A Frightening Start
Initially, the chestnut shetland filly seemed healthy and was nursing regularly. Over the course of her first 24 hours of life, however, she became increasingly lethargic and her nursing diminished. This was when her owner called for Carolina Equine Hospital to intervene.
When we arrived, the filly’s blood sugar was very low as a result of her decreased appetite. After placing an IV and a feeding tube, the team was able to raise her blood sugar. Her antibody levels were also tested, and we discovered that she had acquired little to no immunity from her dam through ingestion of colostrum. Colostrum is the mare’s first milk, which is typically yellowish in color and has a creamy consistency. To combat this, she received a plasma transfusion. Plasma is a horse-blood product that contains the antibodies the foal would have otherwise consumed through the dam’s milk.
What We Discovered
As it turns out, the mare was not making milk at all, nor had she made colostrum (as evidenced by the foal’s lack of blood antibodies). Mare’s milk appears similar in color & consistency to cow’s milk, and the foal’s dam had clear, thick, and sticky secretions from her udder. This was not providing the foal with adequate nutrition, leading to the symptoms she was experiencing when she was admitted to the hospital.
To improve the quality of the mare’s udder secretions, the team began giving her a medication called domperidone, which acts in the brain to reverse the side effects of *fescue toxicity and encourage milk production. To give the mare time to produce higher volume and higher quality of milk, the CEH team continued to supplement the foal with mare’s milk replacer through the feeding tube and, once she learned how, from a pan. Within a few days, the filly’s dam was producing sufficient milk for the foal, and the feeding tube was removed.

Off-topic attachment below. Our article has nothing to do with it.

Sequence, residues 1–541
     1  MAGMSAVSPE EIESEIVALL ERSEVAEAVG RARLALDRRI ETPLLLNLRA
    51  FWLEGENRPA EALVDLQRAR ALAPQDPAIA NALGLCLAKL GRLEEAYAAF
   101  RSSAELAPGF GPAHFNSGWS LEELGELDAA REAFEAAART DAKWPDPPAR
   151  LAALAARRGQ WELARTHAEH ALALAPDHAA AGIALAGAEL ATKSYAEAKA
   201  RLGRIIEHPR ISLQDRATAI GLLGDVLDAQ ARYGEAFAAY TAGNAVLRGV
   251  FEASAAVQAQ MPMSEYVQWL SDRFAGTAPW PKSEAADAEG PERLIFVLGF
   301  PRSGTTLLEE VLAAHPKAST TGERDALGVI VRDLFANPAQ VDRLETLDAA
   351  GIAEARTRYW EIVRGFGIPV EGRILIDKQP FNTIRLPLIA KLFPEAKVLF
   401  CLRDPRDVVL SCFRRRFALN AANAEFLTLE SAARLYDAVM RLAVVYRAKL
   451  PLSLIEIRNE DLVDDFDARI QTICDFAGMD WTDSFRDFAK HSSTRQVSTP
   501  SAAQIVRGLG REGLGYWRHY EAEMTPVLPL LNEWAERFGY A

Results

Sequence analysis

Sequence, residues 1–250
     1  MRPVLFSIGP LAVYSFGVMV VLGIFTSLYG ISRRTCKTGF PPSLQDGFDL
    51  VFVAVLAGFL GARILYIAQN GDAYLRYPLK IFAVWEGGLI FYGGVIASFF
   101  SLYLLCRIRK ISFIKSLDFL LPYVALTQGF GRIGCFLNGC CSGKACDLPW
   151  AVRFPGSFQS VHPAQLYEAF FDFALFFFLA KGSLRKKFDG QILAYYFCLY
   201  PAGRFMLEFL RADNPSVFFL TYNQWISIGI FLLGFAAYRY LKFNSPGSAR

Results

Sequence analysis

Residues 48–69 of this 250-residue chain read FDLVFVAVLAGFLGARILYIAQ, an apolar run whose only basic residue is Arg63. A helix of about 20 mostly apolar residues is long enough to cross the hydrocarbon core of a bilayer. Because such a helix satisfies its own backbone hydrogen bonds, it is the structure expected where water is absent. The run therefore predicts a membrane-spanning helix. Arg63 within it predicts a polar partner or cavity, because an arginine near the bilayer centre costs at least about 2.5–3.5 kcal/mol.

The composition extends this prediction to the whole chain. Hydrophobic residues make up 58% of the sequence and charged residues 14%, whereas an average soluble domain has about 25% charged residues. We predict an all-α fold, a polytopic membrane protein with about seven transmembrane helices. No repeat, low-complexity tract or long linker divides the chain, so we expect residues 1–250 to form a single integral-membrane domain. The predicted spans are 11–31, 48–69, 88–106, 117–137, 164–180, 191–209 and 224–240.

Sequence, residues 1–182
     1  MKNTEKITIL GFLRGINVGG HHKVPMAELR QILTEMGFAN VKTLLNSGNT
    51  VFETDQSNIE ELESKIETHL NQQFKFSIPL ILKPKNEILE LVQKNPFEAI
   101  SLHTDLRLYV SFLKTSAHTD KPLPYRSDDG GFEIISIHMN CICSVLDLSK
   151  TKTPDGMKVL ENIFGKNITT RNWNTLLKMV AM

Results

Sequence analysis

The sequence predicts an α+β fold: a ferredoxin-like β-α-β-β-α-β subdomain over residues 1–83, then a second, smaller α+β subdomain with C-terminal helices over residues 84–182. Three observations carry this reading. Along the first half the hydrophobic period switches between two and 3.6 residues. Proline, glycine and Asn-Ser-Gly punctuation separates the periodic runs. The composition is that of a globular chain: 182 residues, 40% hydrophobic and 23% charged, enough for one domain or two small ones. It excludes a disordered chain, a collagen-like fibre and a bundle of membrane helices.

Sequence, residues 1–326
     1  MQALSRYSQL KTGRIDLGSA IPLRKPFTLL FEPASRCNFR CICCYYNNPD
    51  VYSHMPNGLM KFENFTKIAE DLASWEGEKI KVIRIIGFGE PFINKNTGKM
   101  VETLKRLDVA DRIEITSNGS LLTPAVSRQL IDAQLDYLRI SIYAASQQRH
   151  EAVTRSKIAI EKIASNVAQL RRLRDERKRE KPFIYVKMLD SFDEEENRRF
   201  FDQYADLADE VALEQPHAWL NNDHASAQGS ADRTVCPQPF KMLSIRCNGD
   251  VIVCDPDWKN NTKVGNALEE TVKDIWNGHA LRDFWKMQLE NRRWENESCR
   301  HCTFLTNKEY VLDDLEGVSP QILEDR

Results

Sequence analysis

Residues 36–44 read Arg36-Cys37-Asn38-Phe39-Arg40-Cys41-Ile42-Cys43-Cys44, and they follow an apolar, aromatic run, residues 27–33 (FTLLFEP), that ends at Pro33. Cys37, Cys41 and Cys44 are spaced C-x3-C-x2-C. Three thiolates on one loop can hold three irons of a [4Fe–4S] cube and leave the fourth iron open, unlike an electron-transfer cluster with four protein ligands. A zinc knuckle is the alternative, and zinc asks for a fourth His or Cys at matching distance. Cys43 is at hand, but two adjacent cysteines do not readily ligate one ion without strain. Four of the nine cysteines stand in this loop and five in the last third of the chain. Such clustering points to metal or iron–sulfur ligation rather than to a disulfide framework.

Love and Her Filly Today
Love and her filly have since gone back home to enjoy spending lots of time outside together in the pasture. The filly is growing like a weed and loves attention!
*Fescue is a type of grass that is commonly used to seed horse pastures in North Carolina. Fescue is also harvested and fed as grass hay to horses in our area. There is an endophyte fungus that grows on fescue. This fungus survives the drying process, so it lives on both the pasture and the hay, where it produces a toxin to which our patients may be susceptible. Non-pregnant horses can consume this endophyte-infested pasture or hay without issue. Pregnant mares may also consume it for the first two trimesters of pregnancy. Their access to this pasture or hay, however, must be removed at least 1 month prior to their due date. If they do consume the endophyte up to their due date, they may experience pregnancy complications such as prolonged gestation (pregnancy well past the original due date) and dysmaturity of the foal; premature separation of the placenta from the womb during delivery, also known as a “red bag” delivery, which is fatal to the fetus if not detected immediately; or agalactia, which is a lack of milk production by the mare in a time when she should be producing milk for the foal to drink, such as Love and her foal experienced.